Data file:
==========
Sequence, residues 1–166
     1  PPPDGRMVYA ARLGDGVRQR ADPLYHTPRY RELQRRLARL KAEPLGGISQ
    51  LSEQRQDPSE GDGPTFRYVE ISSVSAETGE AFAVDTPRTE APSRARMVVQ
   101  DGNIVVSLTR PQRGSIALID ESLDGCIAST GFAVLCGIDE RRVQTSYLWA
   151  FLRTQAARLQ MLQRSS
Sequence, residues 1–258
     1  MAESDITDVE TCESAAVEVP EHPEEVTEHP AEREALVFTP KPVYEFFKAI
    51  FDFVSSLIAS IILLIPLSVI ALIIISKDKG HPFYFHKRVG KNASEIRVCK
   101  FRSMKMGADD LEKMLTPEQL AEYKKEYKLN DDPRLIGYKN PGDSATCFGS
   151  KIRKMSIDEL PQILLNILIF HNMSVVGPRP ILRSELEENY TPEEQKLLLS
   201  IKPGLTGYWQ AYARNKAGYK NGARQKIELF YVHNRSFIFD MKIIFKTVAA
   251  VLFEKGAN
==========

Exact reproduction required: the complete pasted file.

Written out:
Sequence, residues 1–166
     1  PPPDGRMVYA ARLGDGVRQR ADPLYHTPRY RELQRRLARL KAEPLGGISQ
    51  LSEQRQDPSE GDGPTFRYVE ISSVSAETGE AFAVDTPRTE APSRARMVVQ
   101  DGNIVVSLTR PQRGSIALID ESLDGCIAST GFAVLCGIDE RRVQTSYLWA
   151  FLRTQAARLQ MLQRSS
Sequence, residues 1–258
     1  MAESDITDVE TCESAAVEVP EHPEEVTEHP AEREALVFTP KPVYEFFKAI
    51  FDFVSSLIAS IILLIPLSVI ALIIISKDKG HPFYFHKRVG KNASEIRVCK
   101  FRSMKMGADD LEKMLTPEQL AEYKKEYKLN DDPRLIGYKN PGDSATCFGS
   151  KIRKMSIDEL PQILLNILIF HNMSVVGPRP ILRSELEENY TPEEQKLLLS
   201  IKPGLTGYWQ AYARNKAGYK NGARQKIELF YVHNRSFIFD MKIIFKTVAA
   251  VLFEKGAN